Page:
Up to 10 people were killed and 15 wounded as the charge detonated at the historical gate of Bab Touma, a busy pick up point for taxis and buses.

“The bomb exploded as people were moving to go to Churches for Sunday mass. It exploded just outside the police station. There was a bus stop right beside it,” said a resident calling himself George who works in a hotel just a few streets away from the explosion. “I felt the explosion. The ground beneath me shook and I can see black smoke rising from the area.

“Terrorists are doing this,” said George, a Christian who, like many residents in Bab Touma lives in fear of the rebel fighters trying to gain control of the capital.

And immediately after the car bombing on Friday that shattered the truce, there was another car bombing on a military checkpoint in Daraa that reportedly killed 11 soldiers (BBC, VOA, RT, ABC). And the same Times article, while mysteriously neglecting to mention the car bombing that shattered the truce in Damascus, points out that there was yet another car bombing in Deir al-Zour, where “fierce firefights erupted between government forces and rebel fighters after a car bomb exploded near a military headquarters and in front of the Syriac Orthodox Church”.

There was another car bombing that killed ten and wounded 41 on Monday in Jaramana.

Now, let’s look at the situation in Aleppo. As the AP reported on Thursday, rebel forces had “claimed major gains” there, pushing into “predominantly Christian and Kurdish neighborhoods”. And then there’s this minor little detail that the Times didn’t mention:

Jabhat al-Nusra, a radical Islamic group that has been fighting alongside the rebels and has taken a lead in the battle for Aleppo, said it won’t comply with the truce.

Okay, so much for the narrative that the Syrian government was responsible for breaking the truce in Aleppo.

How about the rest of the Times’ narrative? Well, we can learn elsewhere that the truce “also broke down around a besieged government base near the strategic town of Maarat Al Numan”, which “has been surrounded by rebel fighters for days” (VOA). CNN fills in a few more details:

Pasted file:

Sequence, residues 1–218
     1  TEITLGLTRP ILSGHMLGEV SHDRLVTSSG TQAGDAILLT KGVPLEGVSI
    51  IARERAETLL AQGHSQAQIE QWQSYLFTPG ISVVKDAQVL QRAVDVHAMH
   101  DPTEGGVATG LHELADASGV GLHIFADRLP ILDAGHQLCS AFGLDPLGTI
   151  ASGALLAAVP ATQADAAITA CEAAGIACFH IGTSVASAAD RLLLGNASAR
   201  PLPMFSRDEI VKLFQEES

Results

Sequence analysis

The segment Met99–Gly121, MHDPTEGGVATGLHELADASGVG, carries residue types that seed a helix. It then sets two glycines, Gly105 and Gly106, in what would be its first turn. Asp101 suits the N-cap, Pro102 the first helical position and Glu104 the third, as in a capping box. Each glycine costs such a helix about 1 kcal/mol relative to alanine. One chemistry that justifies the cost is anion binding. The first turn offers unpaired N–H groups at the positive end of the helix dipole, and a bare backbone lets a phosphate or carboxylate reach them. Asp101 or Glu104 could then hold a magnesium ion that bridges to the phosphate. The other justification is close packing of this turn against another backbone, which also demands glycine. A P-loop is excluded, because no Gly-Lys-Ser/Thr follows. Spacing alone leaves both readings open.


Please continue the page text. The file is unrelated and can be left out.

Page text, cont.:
Fierce fighting broke out between government forces and the al Qaeda-linked al Nusra Front, which had said earlier it would not abide by the terms of the temporary truce. The al Nusra fighters laid siege to a military encampment east of the city of Maaret al-Numan.

Rebel forces had similarly laid siege to the Wadi al-Deif military base mentioned by the Times (RT).

Where does all that leave the Times dominant narrative that it was Syrian government forces that were mainly responsible for violating the truce?

One last detail. Turns out the Free Syrian Army agreed to the truce only if the government release detained rebels from custody, a condition the government appears to have complied with (RT, CNN).

Shifting gears, another Times article reports:

Militant Sunnis from Iraq have been going to Syria to fight against President Bashar al-Assad for months. Now Iraqi Shiites are joining the battle in increasing numbers, but on the government’s side, transplanting Iraq’s explosive sectarian conflict to a civil war that is increasingly fueled by religious rivalry.

Some Iraqi Shiites are traveling to Tehran first, where the Iranian government, Syria’s chief regional ally, is flying them to Damascus, Syria’s capital….

…Iran, which, like Iraq, is majority-Shiite, appears to be playing a critical role in mobilizing Iraqis.

According to interviews with Shiite leaders here, the Iraqi volunteers are receiving weapons and supplies from the Syrian and Iranian governments, and Iran has organized travel for Iraqis willing to fight in Syria on the government’s side.

Iran has also pressed the Iraqis to organize committees to recruit young fighters.

Gosh, those evil Iranians, meddling in other nations’ foreign affairs! Don’t they know only the U.S. is allowed to do that? The U.S., of course, has been coordinating support for the armed rebels seeking to overthrow the Assad regime, whose ranks include al-Qaeda, with most of the arms supplied ending up in the hands of jihadists. A bit further on, the Times adds:

This sectarian cast has been heightened by the influx of Sunni extremists aligned with Al Qaeda, who have joined the fight against the Syrian government much as they did in the last decade against the Shiite-led Iraqi government.

So U.S. has been helping to arm terrorists, while Iran is reportedly mobilizing forces to combat the al-Qaeda allied rebels. Would it be fair to say that Iran is fighting a War on Terrorism™?

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About Jeremy R. Hammond

About Jeremy R. Hammond

I am an independent journalist, political analyst, publisher and editor of Foreign Policy Journal, book author, and writing coach.